Gardening for Beginners

Gardening for Beginners

Gardening for Beginners: A guest blog from Farmer Megan at Montana's Park County Farm to School Program 

We love the work that our local Farm to School Program does and they have the most beautiful garden in our small town. So as we started thinking about starting a garden for the summer, we knew we needed to ask Farmer Megan for advice!

So, you’re thinking about growing some of your own food!? Way to go! There’s nothing quite like enjoying a meal made with ingredients you grew yourself.  At Farm to School of Park County (F2SPC for short!) we are huge supporters of home gardening.  As an organization, part of our mission is to teach children all about the foods they eat - how to grow them, to prepare them, and what foods are healthy for their bodies and the planet.  And we have some good news for you; if a classroom of kindergarteners can do it - you can too!

If you want to start a garden, where do you begin? With seeds, of course! Here are some steps that will help you get going:

Hands holding vegetable seeds

  1. Find that box of seeds that you didn’t use up last year and do a quick inventory! It’s best to know what seeds you already have so you can use up the older seeds first.
  2. Flip through a seed catalog or website and see what catches your eye. Make a list of everything you want to grow. You can narrow it down later!
  3. From your master list, pick out the crops that will do well in your climate. Most herbs will do well almost anywhere, but some crops like tomatoes and pumpkins need a long growing season.
  4. Decide which crops you will be direct seeding and which you will be transplanting. This will determine which seeds you should buy and which crops you’ll be growing from starts.

Alright, now we can get a little bit technical. What is direct seeding and what is transplanting? Direct seeding is when you put a seed straight into the soil in your garden. Transplanting is when you plant a plant that you either started indoors or bought at a nursery into your garden. Some crops should be direct seeded, while others will do better as transplants. You can find information on whether to direct seed or transplant a crop on the seed packet, and you can read more about transplanting and direct seeding here: "Grow So Happy" Direct Seed vs. Transplant.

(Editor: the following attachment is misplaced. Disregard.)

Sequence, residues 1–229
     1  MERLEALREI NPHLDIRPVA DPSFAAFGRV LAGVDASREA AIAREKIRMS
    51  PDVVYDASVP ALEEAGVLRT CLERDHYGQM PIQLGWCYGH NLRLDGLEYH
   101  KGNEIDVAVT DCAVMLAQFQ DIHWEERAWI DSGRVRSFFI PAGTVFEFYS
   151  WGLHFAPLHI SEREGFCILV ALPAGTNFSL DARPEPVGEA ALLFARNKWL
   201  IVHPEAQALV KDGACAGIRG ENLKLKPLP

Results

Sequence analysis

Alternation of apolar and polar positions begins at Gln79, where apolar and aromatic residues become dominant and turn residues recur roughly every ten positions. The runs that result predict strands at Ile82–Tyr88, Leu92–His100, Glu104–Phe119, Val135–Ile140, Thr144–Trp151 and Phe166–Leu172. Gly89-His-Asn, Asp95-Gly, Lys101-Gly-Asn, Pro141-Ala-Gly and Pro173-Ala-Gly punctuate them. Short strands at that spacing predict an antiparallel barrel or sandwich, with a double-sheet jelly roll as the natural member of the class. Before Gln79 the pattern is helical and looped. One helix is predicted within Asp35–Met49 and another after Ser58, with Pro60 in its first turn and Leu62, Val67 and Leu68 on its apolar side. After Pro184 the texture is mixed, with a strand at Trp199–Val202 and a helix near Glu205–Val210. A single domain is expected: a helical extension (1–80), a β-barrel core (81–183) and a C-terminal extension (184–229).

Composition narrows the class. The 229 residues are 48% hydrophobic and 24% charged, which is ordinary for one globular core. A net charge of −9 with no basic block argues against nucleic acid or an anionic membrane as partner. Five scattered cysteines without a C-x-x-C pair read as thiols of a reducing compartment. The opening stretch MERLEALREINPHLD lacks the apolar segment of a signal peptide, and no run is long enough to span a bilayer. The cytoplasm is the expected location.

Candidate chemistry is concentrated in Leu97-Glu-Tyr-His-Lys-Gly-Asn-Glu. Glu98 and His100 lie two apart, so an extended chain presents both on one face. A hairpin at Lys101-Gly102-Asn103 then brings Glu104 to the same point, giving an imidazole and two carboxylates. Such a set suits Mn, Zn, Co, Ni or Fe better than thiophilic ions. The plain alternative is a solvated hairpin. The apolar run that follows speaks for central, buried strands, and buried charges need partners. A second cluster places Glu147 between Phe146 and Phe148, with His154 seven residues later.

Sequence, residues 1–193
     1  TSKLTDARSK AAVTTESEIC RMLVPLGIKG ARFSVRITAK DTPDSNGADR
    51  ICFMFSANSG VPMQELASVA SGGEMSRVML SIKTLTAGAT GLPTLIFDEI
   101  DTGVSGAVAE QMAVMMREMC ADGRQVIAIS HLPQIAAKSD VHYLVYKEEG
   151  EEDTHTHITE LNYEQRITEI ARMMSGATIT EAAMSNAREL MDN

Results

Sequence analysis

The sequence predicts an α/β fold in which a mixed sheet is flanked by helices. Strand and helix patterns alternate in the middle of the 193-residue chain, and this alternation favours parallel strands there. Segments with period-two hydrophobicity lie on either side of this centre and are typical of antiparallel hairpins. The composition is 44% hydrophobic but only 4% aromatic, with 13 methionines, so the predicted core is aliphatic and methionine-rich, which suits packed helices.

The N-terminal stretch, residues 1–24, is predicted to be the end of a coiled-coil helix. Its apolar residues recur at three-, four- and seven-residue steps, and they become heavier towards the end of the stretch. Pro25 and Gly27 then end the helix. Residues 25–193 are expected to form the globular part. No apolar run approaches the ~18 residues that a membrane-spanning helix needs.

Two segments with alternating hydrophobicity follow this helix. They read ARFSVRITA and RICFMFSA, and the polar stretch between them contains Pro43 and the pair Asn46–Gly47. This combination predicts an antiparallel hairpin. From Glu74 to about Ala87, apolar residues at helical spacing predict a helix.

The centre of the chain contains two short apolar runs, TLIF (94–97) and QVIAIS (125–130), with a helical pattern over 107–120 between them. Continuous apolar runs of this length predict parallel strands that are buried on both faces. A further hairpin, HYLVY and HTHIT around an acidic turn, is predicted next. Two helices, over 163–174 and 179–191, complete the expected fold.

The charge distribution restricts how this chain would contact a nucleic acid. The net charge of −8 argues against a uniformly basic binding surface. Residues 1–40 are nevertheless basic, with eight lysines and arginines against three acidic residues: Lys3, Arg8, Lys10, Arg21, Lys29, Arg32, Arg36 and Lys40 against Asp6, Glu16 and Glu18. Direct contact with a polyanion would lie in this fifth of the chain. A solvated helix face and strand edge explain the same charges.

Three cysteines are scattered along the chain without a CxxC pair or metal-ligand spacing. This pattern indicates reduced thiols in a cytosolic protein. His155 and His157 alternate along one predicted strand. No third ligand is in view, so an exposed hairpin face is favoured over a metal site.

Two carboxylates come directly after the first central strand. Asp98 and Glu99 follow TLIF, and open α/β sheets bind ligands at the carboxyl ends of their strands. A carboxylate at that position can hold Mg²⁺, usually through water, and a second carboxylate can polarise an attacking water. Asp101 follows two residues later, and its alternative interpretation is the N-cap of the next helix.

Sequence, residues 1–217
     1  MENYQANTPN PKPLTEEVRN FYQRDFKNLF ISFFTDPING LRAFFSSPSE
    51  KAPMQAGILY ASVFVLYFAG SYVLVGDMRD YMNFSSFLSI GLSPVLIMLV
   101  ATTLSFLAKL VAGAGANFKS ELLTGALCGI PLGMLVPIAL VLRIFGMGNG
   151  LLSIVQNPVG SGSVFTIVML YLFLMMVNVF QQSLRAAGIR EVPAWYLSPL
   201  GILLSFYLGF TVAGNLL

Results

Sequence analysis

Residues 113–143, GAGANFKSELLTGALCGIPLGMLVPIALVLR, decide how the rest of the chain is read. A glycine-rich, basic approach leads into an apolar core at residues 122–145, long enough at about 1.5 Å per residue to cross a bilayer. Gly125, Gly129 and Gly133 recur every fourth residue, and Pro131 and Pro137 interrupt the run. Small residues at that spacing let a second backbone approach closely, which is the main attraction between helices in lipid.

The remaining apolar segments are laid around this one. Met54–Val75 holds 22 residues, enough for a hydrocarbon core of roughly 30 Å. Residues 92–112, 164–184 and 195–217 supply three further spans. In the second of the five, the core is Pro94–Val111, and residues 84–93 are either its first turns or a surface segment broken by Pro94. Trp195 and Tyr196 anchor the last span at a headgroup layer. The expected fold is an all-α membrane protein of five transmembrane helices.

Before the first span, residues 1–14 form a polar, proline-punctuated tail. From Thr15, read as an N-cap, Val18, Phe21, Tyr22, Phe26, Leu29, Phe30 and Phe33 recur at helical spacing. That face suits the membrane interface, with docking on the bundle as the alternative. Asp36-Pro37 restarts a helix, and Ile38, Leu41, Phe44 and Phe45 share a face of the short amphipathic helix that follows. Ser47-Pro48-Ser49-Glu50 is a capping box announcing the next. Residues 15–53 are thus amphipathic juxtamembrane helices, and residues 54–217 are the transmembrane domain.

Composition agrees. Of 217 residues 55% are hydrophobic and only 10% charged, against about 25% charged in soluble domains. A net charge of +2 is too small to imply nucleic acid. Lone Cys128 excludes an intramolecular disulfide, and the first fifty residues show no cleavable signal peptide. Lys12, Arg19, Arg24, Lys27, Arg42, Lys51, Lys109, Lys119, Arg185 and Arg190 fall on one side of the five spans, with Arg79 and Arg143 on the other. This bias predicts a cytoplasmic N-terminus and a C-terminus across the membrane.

Now that you know what you’ll be growing in your garden, I recommend spending some time planning your space. Start by making a sketch of your garden. If you are gardening with kids, this is a great time to involve them in the planning process! Your sketch can be a detailed, to-scale model, or it can be something more informal. Either way, this will help make your garden space feel tangible and less abstract. Here are some helpful hints for how to draw your garden.

Our final step in getting ready to garden is making sure you have the right tools. Don't worry: you don't have to have a huge suite of tools to get started as a gardener, but you do want to have the right tools on hand when the growing season starts. Here’s a list of my must-have garden tools:

  • A good pair of gardening gloves - look for a pair that is comfortable and grippy!
  • A sturdy trowel: You'll want a trowel with a comfortable handle, and I prefer a narrower trowel that's sharp-ish on the bottom because that's the most versatile. My favorite trowel is the transplant trowel from Johnny's Seeds, but you can find similar tools at most garden stores.
  • Buckets: a five gallon bucket is a gardener's best friend! You can weed into them, you can harvest into them, you can fill them with water and wash your veggies in them, and you can even turn them upside down and sit on them. And when you're done, you can store all of your garden tools in your bucket.
  • A high quality nozzle for your hose: You can decide if you want an adjustable nozzle or not, but either way, a nozzle that waters evenly and lasts more than one season is a must-have.
  • A sharp pair of snips: These are great for harvesting, cutting flowers, spring clean-up, pruning tomatoes, and about a billion other garden tasks. I like these best: Tomato Shears.

Having a home garden can be so much fun and so rewarding! If you’re new to gardening, it will require some trial and error to find what you enjoy growing and what does well in your space. Enjoy the process.  Our home gardens give us a way to spend time outside, they connect us to the changing seasons, and we love knowing exactly where our food is coming from. We can grow our own foods sustainably, and if we are lucky, we can even share our bounty with the community!

Megan has been farming and gardening for nine years. She has worked extensively on organic farms in the Northeast and in Montana and has completed the Level 1 Montana Master Gardener course. She now manages Farm to School's learning gardens and a small urban farm. Her favorite crop to grow is tomatoes!

Want to learn more about Farm to School Park County and the important work they do getting kids excited about growing food and providing healthy school lunches? Learn more HERE.

You can support their great programs by Donating Today.  Even a small amount can make a big difference! 

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